This seems the right moment to mention skinheads, which I am doing somewhat reluctantly as their history is rather complicated and I am bound to get it wrong. As Robert Elms writes in his sartorial biography The Way We Wore: ‘Unlike the genesis of mod, the start of the skinhead era is little documented or debated’ (p. 59). Following his account (there might have been different trajectories depending on where you lived) ‘peanuts’, the name of the earliest type of skins, began to appear in the late 1960s. They picked elements from Mod – predominantly the neat- and sharpness – and mixed it with some stuff of their own. Rather than a flying jacket, the self-respecting skin seems to have hankered after a Crombie or a Harrington jacket and also at some point a jean jacket. I have the feeling the MA-1 only entered the skinhead sartorial repertoire in the late 1970s. It is not mentioned in Resistance through Rituals published in 1975, nor in the bible: Dick Hebdige’s Subculture: The Meaning of Style form 1979. One of the skins in Dick Scott-Stewart’s photo below from around 1980 seems to wear a type of bomber jacket although probably not an MA-1.
Much, much more could be said about skinheads and bomber jackets but, maybe frivolously, I want to get back to what prompted this post. When did women start adopting the bomber? Tight-fitting, short, blouson-style nylon jackets were of course one feature of the late 1970s, worn by men and women alike. But they are not really bombers. If my own experience, living in Germany, is anything to go by, bomber (and varsity) jackets gained popularity more generally among teenagers around 1979/80. Not many girls in my school were wearing them and my mother would have been horrified had she known I was secretly craving a blue or aubergine number (much prefer green these days). The jacket was supposed to be worn big and meant to look as if you had borrowed it from your boyfriend. No wonder Petra had a bomber jacket and my chances of ever getting hold of one were pretty slim.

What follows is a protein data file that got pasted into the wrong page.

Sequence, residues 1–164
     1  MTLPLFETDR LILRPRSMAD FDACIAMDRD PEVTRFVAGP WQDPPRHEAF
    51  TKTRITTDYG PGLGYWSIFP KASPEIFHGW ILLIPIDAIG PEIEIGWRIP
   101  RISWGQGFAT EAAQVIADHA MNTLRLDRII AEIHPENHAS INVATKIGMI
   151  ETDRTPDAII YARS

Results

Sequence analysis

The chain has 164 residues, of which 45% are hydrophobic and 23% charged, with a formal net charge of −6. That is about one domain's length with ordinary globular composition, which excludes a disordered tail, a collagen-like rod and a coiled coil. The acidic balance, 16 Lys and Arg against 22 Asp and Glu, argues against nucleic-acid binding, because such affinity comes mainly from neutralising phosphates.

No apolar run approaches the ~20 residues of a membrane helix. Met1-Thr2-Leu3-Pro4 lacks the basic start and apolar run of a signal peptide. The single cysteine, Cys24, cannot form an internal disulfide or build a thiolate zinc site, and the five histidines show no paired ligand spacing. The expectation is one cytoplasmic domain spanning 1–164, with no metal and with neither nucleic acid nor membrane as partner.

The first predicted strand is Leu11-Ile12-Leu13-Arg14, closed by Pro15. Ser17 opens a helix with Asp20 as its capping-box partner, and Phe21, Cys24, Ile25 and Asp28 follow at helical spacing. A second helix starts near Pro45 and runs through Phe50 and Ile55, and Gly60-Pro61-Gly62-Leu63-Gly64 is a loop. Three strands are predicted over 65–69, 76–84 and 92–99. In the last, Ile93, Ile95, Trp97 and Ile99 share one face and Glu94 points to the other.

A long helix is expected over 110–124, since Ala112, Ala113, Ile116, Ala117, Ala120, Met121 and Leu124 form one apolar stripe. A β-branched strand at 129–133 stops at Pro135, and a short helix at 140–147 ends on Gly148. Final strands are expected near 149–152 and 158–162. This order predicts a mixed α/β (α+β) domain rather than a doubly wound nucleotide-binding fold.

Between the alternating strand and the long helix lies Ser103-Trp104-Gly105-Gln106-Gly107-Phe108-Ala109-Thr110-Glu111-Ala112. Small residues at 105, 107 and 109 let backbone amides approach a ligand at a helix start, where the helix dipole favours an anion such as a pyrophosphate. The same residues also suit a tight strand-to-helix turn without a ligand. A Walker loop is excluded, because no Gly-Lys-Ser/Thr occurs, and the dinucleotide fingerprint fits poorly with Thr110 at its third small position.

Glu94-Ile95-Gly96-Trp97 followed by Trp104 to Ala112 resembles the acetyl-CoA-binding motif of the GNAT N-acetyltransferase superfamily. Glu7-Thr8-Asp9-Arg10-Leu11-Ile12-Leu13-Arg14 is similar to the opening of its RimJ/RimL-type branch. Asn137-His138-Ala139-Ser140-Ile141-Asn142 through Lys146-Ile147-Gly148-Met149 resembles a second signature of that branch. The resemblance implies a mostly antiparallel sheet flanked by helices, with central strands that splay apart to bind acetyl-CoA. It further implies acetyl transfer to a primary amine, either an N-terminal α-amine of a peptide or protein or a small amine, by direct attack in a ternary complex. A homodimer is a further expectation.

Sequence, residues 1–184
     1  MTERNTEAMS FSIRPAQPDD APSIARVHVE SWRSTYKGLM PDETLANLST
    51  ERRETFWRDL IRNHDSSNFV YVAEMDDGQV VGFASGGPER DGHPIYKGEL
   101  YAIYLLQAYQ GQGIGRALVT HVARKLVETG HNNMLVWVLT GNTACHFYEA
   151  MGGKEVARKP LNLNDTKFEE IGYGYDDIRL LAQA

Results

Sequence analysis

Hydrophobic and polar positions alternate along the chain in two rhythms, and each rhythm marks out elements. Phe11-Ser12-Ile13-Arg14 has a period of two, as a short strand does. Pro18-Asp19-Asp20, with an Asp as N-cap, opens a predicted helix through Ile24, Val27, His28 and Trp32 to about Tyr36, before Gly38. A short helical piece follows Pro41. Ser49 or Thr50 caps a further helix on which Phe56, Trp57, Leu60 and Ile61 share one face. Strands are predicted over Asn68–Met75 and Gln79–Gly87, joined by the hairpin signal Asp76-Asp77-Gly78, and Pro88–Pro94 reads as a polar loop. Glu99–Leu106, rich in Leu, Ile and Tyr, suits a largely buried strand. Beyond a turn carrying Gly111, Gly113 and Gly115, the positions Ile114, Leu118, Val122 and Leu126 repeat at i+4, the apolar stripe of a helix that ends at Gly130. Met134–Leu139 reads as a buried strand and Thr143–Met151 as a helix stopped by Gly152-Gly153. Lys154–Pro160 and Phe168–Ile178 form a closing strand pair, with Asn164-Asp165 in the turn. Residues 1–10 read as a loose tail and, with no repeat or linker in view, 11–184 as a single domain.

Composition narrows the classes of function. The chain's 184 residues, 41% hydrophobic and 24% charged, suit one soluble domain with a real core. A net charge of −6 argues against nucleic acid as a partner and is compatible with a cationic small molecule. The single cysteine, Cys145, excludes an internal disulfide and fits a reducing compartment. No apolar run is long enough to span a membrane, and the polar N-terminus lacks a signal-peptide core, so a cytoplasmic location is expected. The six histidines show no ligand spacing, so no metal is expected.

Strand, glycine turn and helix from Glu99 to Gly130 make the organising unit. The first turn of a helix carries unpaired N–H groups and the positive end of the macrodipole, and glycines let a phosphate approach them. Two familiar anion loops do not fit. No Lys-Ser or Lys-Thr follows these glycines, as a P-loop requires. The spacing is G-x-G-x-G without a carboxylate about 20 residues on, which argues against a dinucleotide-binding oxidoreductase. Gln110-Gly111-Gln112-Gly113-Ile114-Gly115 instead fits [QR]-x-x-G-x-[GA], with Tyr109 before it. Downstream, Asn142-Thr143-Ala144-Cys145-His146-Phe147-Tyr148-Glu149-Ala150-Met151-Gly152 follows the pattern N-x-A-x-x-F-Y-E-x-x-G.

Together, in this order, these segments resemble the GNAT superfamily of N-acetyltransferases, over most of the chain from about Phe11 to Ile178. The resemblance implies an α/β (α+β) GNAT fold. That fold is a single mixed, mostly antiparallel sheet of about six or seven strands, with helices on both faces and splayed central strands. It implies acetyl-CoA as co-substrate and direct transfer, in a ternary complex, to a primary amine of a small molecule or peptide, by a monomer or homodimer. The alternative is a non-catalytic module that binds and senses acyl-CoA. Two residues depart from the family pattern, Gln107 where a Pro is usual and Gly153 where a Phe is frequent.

The second time I was dead keen on a bomber was in the early 1990s. I was occasionally allowed to wear the green MA-1 (or copy) belonging to a flatmate’s boyfriend, whether with or without his consent or knowledge I cannot remember, but I never bought my own. I still thought that ideally it should be worn in by someone else and be slightly too large. By this time, bombers had entered high fashion, due to Jean-Paul Gaultier.
You can see it worn here in one of my all-time favourite fashion spreads showing Alex Arts in a variety of ‘work’ situations in the 100th issue of The Face. According to the caption, you could have got Alex’s ‘Gaultier Junior cropped MA1-style jacket’ for £110 at Whistles with a matching skirt thrown in for another £95, a lot of money in 1988.
Gaultier’s take on the bomber had already appeared in the May issue of The Face, where it was stated that an actual MA-1 flying jacket was ‘currently available for £19.99 at an Army surplus but bound to be a biggie in South Molton Street come the autumn.’
While the Museum of London does not own an MA-1 (hint, hint) we did acquire a Katharine Hamnett bomber-ish jacket with a hoody, which I have yet to accurately date. I had first thought late 1980s but I now believe early 1990s is more likely. I would have loved to have worn the entire outfit, black roll neck sweater, Wolford tights, Shelley ankle boots and all. (From the most recent crop I most like Mario Schwab’s offering, although it is maybe a tad literal.)
I did not want to end there but rather with a clipping which I have kept faithfully for the last 25 years. It is a 1988 Junior Gaultier advertisement featuring not only a beautiful bomber but also a fabulous model. Can’t wait to see The Fashion World of Jean Paul Gaultier at the Barbican!
This post has been written in honour of Interstate, a shop until recently in Endell Street that sold Schott parkas and bombers and other amazing stuff. I used to be a frequent visitor, if not always customer, and am very sad it has closed.
Robert Elms, The Way We Wore: A Life in Threads (Picador 2005)
Stuart Hall and Tony Jefferson (eds), Resistance through Rituals: Youth Subcultures in Post-War Britain (Hutchinson 1976)
Dick Hebdige, Subculture: The Meaning of Style (Routledge 1979)
Links to pages about bomber jackets
Buzz Rickson Products
Mr Porter, ‘The Classics: The Bomber Jacket’, 7 February 2012
The History of the Bomber Jacket on French Truckers
History of the MA-1 on Third Looks
Chris Sullivan on the history of the bomber jacket
AnOther on the Aviator